Aggeus i.

Notes & Commentary:

Ver. 1. Darius Hystaspes. (Calmet) — When the Jews had no king, the prophets dated from the reign of the monarch on whom they were dependent. (Theodoret) — Sixth; Elul, the last of the civil year, corresponding with our September. The harvest had been bad, and Aggeus assigns the reason. (Calmet) — Governor. Literally, “duke,” or captain. Septuagint, “of the tribe of Juda.” (Haydock) — He descended from the kings of Juda, and was now chief governor by leave of Darius. (Worthington) — Yet Cyrus had appointed Sarasar, (1 Esdras i. 8.) who perhaps, after the death of Cambyses, fled; as Zorobabel and Jesus are designated judges, and a crown is made for them, chap. ii. 24., Zacharias iii., and vi. 11. Still Thartanai, governor beyond the Euphrates, took cognizance of the Jewish affairs, 1 Esdras v. 3. The prince of Juda was therefore under him. Zorobabel was son or grandson of Salathiel, (1 Paralipomenon iii. 17.) or was adopted by him, being born of Phadaia. (Calmet) — Josedec, who was led into captivity, 1 Paralipomenon vi. 15.

Ver. 2. Yet come. God’s service must be restored without delay, and manners reformed; as otherwise many will be lost eternally. (Worthington) — The Jews refrained from commencing the temple till the time marked out by Jeremias xxv. 11., and Zacharias i. 7. (Calmet) — From the beginning of the last siege sixty-nine years had elapsed. (Usher, year of the world 3485.) — Others, reflecting on the obstacles placed by Cyrus and Cambyses, thought it was not yet time to work at the temple: but these were only pretexts. The kingdom was now held by another family, and the former decrees abolished. Fear of labour, therefore, was the only impediment.

Ver. 4. Ceiled: superbly adorned. Hebrew, “covered.” You are not content with what is merely necessary, while the temple lies in ruins. (Calmet)

Ver. 5. Ways. Sound the real motives of your neglect. (Haydock) — See if your misfortunes do not originate in this cause, and if God does not require you to build the temple, ver. 9. (Calmet)

Ver. 6. Filled. Literally, “inebriated,” (Haydock) so as to become cheerful. (St. Jerome)

Ver. 8. The mountain Libanus. Wood had been purchased before, but had been used for other purposes, 1 Esdras iii. 7. Now the people went to procure more. The following year Darius confirmed the decree of Cyrus, which was a change plainly effected by Providence. (Calmet)

Ver. 11. Drought. Hebrew choreb, (Haydock) is rendered the sword, by the Septuagint and may best signify “a burning wind,” according to the different pronunciation. (St. Jerome) — This was not then determined by the vowel points (Calmet) of the Masora, Sophonias ii. 14. (Haydock)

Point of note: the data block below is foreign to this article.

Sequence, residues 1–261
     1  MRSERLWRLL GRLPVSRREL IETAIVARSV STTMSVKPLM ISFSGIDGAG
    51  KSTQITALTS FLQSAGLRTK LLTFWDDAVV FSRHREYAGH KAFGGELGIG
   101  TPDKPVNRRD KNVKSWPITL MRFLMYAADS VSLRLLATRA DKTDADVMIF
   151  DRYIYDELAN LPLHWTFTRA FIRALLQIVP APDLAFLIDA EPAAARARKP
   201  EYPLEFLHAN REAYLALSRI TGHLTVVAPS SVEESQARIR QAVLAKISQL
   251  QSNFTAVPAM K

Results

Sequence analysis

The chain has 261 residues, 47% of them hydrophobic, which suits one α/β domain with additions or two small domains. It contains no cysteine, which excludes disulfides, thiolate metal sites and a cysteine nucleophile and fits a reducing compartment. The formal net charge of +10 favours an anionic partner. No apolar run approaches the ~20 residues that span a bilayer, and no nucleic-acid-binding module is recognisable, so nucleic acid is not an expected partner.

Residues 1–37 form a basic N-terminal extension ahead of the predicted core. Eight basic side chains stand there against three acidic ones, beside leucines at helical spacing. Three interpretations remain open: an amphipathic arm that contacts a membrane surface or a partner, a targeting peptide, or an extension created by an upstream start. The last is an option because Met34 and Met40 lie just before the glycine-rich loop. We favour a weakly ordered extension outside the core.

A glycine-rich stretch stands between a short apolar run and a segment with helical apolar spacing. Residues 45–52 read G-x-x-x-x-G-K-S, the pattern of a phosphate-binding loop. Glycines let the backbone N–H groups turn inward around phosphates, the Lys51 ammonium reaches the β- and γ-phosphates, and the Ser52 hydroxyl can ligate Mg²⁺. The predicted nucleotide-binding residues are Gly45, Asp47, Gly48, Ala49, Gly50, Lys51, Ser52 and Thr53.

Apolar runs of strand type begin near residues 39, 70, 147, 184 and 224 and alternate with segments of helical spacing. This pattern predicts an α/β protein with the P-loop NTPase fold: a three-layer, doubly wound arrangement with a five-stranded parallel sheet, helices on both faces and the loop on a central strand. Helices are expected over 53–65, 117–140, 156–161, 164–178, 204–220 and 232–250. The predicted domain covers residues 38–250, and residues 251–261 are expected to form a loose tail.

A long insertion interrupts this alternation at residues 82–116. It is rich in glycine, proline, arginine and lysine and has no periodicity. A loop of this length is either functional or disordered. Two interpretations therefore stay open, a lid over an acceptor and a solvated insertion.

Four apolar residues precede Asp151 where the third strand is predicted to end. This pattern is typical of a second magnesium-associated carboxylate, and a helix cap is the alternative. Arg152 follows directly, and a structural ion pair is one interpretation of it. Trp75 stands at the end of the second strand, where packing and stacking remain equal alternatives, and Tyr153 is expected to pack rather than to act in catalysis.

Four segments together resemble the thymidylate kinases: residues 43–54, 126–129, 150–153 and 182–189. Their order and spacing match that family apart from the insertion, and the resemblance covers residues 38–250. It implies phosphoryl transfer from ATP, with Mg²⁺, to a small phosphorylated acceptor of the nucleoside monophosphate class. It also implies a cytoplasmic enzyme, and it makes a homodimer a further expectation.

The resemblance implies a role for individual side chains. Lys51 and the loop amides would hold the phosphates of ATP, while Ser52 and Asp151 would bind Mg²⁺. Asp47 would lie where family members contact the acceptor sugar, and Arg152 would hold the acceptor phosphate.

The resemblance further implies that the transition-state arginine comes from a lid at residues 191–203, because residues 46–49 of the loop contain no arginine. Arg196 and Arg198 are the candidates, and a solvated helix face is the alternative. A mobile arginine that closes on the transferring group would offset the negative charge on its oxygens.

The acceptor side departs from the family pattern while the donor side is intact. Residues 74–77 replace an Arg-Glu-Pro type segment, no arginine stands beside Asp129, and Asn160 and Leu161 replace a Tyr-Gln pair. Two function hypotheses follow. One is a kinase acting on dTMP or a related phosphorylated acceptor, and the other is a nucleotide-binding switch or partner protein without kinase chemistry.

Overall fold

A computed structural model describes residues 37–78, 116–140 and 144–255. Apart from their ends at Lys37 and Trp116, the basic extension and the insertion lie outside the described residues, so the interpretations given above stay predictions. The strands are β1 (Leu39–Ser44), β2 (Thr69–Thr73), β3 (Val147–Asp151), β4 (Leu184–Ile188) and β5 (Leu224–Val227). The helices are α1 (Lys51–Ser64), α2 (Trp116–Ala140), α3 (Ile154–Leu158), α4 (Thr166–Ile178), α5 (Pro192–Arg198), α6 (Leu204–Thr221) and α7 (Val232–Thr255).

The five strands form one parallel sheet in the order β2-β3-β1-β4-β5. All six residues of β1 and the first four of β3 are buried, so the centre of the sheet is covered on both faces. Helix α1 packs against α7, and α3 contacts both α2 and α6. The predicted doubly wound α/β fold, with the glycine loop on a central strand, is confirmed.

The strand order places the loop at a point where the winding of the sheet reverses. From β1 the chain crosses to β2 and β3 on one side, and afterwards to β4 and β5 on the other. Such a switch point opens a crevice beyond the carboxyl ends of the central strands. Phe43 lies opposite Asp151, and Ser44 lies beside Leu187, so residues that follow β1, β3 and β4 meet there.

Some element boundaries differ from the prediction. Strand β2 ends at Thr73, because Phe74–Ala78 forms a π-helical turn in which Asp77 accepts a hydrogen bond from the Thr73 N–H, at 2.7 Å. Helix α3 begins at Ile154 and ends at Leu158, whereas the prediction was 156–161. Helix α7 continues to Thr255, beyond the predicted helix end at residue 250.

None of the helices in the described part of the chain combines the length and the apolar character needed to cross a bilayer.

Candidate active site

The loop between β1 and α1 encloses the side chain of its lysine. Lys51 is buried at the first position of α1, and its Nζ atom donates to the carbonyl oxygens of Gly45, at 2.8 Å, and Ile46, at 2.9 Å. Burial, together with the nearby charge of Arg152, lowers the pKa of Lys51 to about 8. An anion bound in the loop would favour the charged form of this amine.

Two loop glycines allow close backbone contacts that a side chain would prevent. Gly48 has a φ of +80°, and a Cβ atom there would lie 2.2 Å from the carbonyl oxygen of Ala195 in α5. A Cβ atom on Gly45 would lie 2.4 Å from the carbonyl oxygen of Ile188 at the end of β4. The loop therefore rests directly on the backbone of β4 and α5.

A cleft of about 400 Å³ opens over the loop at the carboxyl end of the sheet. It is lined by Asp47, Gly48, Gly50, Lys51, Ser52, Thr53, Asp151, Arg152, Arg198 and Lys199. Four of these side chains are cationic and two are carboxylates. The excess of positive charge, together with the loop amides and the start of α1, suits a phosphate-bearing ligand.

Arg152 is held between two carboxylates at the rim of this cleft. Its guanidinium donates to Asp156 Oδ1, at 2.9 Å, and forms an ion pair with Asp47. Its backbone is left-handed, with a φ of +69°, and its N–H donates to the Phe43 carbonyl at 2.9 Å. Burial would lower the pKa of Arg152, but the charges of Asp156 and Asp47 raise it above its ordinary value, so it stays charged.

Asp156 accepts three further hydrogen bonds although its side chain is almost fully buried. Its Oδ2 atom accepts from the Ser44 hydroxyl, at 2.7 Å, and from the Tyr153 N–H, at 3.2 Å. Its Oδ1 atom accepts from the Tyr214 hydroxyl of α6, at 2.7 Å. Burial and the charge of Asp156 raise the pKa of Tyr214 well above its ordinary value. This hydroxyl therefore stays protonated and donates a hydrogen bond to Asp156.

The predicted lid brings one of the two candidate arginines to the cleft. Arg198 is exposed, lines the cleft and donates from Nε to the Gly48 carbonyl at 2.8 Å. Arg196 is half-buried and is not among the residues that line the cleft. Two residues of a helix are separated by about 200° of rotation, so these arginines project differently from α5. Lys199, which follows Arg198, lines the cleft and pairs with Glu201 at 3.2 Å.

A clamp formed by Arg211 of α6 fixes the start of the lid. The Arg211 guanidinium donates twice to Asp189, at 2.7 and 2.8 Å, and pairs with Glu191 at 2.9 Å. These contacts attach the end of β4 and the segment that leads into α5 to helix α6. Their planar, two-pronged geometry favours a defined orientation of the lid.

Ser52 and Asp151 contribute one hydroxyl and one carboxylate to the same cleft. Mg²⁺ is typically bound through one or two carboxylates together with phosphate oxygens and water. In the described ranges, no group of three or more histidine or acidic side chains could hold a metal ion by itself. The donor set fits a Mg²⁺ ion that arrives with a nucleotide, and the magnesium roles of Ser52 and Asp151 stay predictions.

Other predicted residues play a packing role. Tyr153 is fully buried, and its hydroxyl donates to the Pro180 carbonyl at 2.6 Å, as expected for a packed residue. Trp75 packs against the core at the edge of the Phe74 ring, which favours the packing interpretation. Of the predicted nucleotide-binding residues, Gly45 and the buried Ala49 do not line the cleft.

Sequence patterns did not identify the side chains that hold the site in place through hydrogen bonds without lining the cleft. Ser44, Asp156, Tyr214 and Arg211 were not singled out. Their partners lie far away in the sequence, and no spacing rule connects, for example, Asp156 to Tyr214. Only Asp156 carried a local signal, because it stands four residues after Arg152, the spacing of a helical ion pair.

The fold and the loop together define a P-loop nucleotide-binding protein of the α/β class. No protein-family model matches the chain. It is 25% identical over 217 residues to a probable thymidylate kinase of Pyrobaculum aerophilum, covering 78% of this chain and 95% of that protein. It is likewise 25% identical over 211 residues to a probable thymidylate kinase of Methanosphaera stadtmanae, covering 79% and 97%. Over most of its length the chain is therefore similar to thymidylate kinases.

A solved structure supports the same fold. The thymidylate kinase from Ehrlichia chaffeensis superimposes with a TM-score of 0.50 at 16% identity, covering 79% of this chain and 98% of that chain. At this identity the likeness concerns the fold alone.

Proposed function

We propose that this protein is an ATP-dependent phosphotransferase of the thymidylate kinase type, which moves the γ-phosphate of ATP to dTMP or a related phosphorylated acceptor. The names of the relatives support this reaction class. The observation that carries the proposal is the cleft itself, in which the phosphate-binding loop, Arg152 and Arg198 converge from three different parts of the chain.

Ver. 13. Messenger. To excite the people’s attention, Aggeus declares that he is sent by God, (Worthington) like the prophets of old. Some Jews have asserted (Calmet) that he, Malachias, [John] the Baptist, and Jacob, were angels incarnate. But let us leave (St. Jerome) these learned dreams. (Calmet) — They have no better foundation than the ambiguity of malac, which signifies “an angel, or a messenger.” (Haydock) — With you. This is often repeated, to encourage the dejected people. (Menochius)

Ver. 14. Work. Septuagint, “works.” (Haydock) — They prepared materials, and began the temple on the 24th of the ninth month, chap. ii. 16, 19. (Menochius)

Bible Text & Cross-references:

The people are reproved for neglecting to build the temple. They are encouraged to set about the work.

1 In the second year of Darius, *the king, in the sixth month, in the first day of the month, the word of the Lord came by the hand of Aggeus, the prophet, to Zorobabel, the son of Salathiel, governor of Juda, and to Jesus, the son of Josedec, the high priest, saying:

2 Thus saith the Lord of hosts, saying: This people saith: The time is not yet come for building the house of the Lord.

3 And the word of the Lord came by the hand of Aggeus, the prophet, saying:

4 Is it time for you to dwell in ceiled houses, and this house lie desolate?

5 And now thus saith the Lord of hosts: Set your hearts to consider your ways.

6 *You have sowed much, and brought in little: you have eaten, but have not had enough: you have drunk, but have not been filled with drink: you have clothed yourselves, but have not been warmed: and he that hath earned wages, put them into a bag with holes.

7 Thus saith the Lord of hosts: Set your hearts upon your ways:

8 Go up to the mountain, bring timber, and build the house: and it shall be acceptable to me, and I shall be glorified, saith the Lord.

9 You have looked for more, and behold it became less, and you brought it home, and I blowed it away: why, saith the Lord of hosts? because my house is desolate, and you make haste every man to his own house.

10 Therefore, the heavens over you were stayed from giving dew, and the earth was hindered from yielding her fruits:

11 And I called for a drought upon the land, and upon the mountains, and upon the corn, and upon the wine, and upon the oil, and upon all that the ground bringeth forth, and upon men, and upon beasts, and upon all the labour of the hands.

12 Then Zorobabel, the son of Salathiel, and Jesus, the son of Josedec, the high priest, and all the remnant of the people hearkened to the voice of the Lord, their God, and to the words of Aggeus, the prophet, as the Lord, their God, sent him to them: and the people feared before the Lord.

13 And Aggeus, the messenger of the Lord, as one of the messengers of the Lord, spoke, saying to the people: I am with you, saith the Lord.

14 And the Lord stirred up the spirit of Zorobabel, the son of Salathiel, governor of Juda, and the spirit of Jesus, the son of Josedec, the high priest, and the spirit of all the rest of the people: and they went in, and did the work in the house of the Lord of hosts, their God.



1: 1 Esdras v. 1.; Year of the World 3485, Year before Christ 519.

6: Deuteronomy xxviii. 38.; Micheas vi. 15.